nal composition on sheep displayed
a thoughtftilncss and keenness of
observation that ought to he en
couraged. "Slieeps," he says, "are
live tilings. You get mutton taller
from sheep. Mother has lots of it.
i saw one to the cattle show, its
head sticks right out, that way
you know. It had curls all over it.
The crimp had got out of sonic. It's
about as big us a dog, hasn't got
any tail, and smooth head, little,
small eyes. Some people kill sheep,
to make buffaloes out of 'em. There
was a little girl oneo, had a sheep
that foliated her to school; made
an awful noise ami rumpus, so
teacher couldn't do anything. I
wish I had a sheep."
-( ' - Jra&&
Life Insur'nce Society
Of Hie United StntcB.
HHTAniilHIlKD I5T 1830.
ISSUKS Policies on tho most approved
plans, viz: Ordinary Life, Limited
Payments, Life Endowments; Tontine
Savings Fund, Tontines, Semi.Tontines;
A. B. C. Tontines; Life and Survivor,
ship Annuities; Children's Endowments,
Joint Life Risks, Partnership Insurance,
etc., etc., etc.
Policies both Incontestable and Non
Contested claims, none.
Before insuring elsewhere, call and
get an estimate.
It Ib calculated that every reasonable
wish of the Insured is embodied in one
or more of tho plans.
Asct, Dec. 31, 1881 $15,tni,W.V5l
l.lnbilitlc. Dcc.11, 1S81 : 4;,678,10-.l
MirpliK, Drc.1t, 1WI : : 10,Il,r.lMo
Xuwnwiritncamittcii hi 1881 ; t,MT0,mT.iM
For full particulars and pamphlets,
Ai.nx. .i. CAitTWim;iiT.
General Agent for Hawaiian Islands.
O.)on Every Evening and Tuesday
Wednesday, Friday and Satur
Music by the Band.
Tuesday, Friday and Saturday Even
ings and on Wednesday
Friday, July 10 Half mile race for
Ladles and Gentlemen; Gentlemen to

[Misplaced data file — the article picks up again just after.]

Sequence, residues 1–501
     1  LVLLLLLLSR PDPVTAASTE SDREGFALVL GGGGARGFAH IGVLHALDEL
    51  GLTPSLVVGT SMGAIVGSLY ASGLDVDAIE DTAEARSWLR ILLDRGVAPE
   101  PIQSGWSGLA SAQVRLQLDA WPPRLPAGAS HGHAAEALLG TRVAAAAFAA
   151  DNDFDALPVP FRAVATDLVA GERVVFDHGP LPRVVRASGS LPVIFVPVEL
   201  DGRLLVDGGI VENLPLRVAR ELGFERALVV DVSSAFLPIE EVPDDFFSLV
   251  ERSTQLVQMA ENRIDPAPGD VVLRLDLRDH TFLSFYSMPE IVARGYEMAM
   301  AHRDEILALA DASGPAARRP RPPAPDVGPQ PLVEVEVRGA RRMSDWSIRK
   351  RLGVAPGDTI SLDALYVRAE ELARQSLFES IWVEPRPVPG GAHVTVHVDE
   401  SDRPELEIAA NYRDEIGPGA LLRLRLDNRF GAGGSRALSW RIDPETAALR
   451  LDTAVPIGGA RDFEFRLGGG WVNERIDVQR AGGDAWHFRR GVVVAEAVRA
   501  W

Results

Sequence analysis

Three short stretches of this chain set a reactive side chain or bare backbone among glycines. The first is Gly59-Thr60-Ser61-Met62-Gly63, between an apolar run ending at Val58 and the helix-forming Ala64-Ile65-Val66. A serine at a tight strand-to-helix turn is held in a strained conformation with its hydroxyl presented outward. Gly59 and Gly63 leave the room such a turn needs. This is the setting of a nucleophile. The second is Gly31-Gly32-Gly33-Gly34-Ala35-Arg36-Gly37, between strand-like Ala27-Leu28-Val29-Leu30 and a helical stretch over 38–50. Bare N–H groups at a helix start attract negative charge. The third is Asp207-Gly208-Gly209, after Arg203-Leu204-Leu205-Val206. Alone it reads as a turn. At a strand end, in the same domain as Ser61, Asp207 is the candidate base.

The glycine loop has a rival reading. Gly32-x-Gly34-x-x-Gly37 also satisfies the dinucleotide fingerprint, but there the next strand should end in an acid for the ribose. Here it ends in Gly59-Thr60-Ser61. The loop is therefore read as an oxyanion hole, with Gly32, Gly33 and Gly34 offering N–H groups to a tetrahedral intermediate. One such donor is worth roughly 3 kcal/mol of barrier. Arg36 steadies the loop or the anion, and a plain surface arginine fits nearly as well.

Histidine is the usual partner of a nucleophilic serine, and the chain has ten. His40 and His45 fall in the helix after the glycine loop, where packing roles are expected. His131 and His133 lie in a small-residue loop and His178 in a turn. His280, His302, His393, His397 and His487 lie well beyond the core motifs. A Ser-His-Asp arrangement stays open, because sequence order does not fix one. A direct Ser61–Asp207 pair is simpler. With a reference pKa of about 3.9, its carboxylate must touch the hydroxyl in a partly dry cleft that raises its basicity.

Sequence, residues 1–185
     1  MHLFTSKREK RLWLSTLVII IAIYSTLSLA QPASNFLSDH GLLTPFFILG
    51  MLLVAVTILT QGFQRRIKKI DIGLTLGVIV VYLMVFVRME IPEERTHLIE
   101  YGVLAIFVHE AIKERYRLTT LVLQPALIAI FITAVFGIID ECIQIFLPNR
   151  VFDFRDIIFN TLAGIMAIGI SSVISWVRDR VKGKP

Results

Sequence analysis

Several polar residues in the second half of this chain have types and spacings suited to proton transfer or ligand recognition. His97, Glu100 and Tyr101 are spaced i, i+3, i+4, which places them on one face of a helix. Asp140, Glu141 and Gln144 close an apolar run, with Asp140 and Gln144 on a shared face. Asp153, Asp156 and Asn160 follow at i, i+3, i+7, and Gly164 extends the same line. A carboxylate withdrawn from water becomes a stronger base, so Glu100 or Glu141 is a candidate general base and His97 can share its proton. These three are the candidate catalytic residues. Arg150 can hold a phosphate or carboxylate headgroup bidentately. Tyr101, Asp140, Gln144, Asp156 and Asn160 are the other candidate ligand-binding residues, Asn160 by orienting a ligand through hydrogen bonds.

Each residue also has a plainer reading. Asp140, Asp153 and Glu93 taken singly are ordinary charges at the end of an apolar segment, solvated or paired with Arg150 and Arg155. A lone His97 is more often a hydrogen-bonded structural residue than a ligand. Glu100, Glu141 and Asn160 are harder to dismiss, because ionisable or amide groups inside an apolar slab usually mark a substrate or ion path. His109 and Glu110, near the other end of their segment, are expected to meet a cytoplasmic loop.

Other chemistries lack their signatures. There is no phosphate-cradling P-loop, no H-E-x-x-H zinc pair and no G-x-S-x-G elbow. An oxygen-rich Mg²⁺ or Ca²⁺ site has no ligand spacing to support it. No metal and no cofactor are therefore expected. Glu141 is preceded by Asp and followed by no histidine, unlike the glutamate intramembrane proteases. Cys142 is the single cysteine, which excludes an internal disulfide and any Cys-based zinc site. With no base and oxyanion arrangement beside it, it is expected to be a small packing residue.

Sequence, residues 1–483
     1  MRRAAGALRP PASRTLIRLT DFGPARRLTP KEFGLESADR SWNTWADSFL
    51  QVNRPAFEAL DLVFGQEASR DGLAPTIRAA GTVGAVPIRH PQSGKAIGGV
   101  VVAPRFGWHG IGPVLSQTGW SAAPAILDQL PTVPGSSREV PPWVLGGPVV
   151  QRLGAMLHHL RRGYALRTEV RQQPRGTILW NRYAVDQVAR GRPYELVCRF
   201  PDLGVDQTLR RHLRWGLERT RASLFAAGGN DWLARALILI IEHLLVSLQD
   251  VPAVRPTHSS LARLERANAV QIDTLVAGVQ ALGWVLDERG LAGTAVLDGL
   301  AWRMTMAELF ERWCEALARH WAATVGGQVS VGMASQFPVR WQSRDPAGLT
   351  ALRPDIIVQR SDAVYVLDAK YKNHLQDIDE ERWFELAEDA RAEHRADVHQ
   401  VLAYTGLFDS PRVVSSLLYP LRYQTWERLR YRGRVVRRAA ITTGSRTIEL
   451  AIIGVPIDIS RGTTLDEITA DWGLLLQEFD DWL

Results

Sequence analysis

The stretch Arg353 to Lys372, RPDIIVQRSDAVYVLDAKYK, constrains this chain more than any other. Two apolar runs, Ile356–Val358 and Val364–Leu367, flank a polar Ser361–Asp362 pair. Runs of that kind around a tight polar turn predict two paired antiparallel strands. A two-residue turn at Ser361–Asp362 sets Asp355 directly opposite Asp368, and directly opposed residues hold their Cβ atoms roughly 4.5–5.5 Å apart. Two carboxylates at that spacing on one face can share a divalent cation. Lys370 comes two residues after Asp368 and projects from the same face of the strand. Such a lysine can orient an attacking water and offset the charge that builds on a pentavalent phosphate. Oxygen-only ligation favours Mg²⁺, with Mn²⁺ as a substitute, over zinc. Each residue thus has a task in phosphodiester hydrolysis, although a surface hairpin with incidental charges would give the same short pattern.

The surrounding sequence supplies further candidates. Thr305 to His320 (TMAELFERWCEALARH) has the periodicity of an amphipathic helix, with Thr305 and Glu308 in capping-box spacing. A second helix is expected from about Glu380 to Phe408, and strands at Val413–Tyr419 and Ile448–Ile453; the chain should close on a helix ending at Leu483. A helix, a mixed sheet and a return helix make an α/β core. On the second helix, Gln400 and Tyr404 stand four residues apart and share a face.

skate hackward and Ladles forward.
Saturday, July 11 Unco of one mile;
Gentleman and Lady for prizo of 5.
Open only to Hnwaiians.
Tuesday, July 14 One mile race for
Gentlemen; skating backward; .1 to
compete. Prize $5.
Saturday, July 18 Amateur Itace; one
mile dash; go-as-you.pIea.se for hoys
under 15. Prize $5.
Friday, July 21 Owing to the grand
success of the last Masimciadc, and by
request of numerous patrons of this
popular Rink, there will he given a
Grand Fancy .Dress Parade and Masque,
rnde on Skates, with 5 handsome prizes,
viz.: $10 will be given to tho couple,
Lady and Gentleman characters wearing
tho handsomest costumes; (5 for the
best sustained character, Lady or Gen.
tlcmaii, Boy or Girl ; $o for the most
comical character; s?o for llie most ori.
ginal, barring adveriiscinenis; 1'iizc,
pair Club Skates, any make, to the Lady
wearing the most artistic costume.
Any other than good deportment to
bar any one from a pric, thu judges to
be 3 Ladies nnd 2 Gentlemen.
lf..TItAI, I'AItK KKATIXU K1XU
HOUSE TO LET
AKD Furniture for Sale, at No. 51
llerelania Street. 42 tf
DR. A. MCWAYNE,
(Late of New York Ophthalmic
Hospital). Ofllcc and residence '.11 Ala
kea Street. Special attention to diseases
of tho eye and ear, nnd correction of
faulty vision. Olllco hours, !) to 11 a.m,
0 to 8 p.m. 04 ly
rpiIE partnership heretofore existing
JL between the undersigned is this
day dissolved hy mutual consent,
E. W. BARNAUL),
JAS. I). FRASER.
The business will be carried on by K.
W. 15 irnard for the present under the
name of .las. I). Fratcr fc Co.
July 1st, 1885. Ot lw
IN consequence of the present proprie
tor's Intended departure from the
Kingdom, thu business of the
Astor BtotiMe 5Cestjlui;;i,
Doing a first-clats trade. The house is
so well. known us the only American
Restaurant In thu city, that a detailed
account is not necessary.
To a suitable purchaser tho terms of
payment will bo made easy, if required.
For further particulars apply to
AVERY &, PALMER,
Real I'Mutc Agents, or on the premises,
70 Hotel Street. 00 lw
IJouhc to BiOt and Furniture
A NICE largo modern built house,
within ten minutes walk from thu
Fost-Oftice, containing llvu rooms, pan
try, kitchen and bathroom; furnished
complete throughout. Will ho told at a
Hacrlllco on account of departure. Ad.
dress "Furniture," box !W7, PoRt-Ofllcc,
Honolulu, 01 lw
HUSTAOB & ROBERTSON have
this day removed their ofllco to
corner of ICniihumaiiu and Queen streets
in the ofllcc lately occupied hy Hon,
OlmF. T. Gulick, Iu connection with
our Drayngo Business, Mr. J. V. Robert,
son, the newly appointed Kcrof one Ware
house Keeper, will be found, and all
orders for oil to bo mrlcil to and from
the Warehouso will bu promptly attend
ed to hy uh.
HUSTACE & ROBERTSON.
Hnwaiiau Bell Telephone, No. U3.
Mutual Telephone, No. 10. 01 2w
ia&jm&jij- $&mwi&Xi& M. ifetfk.ii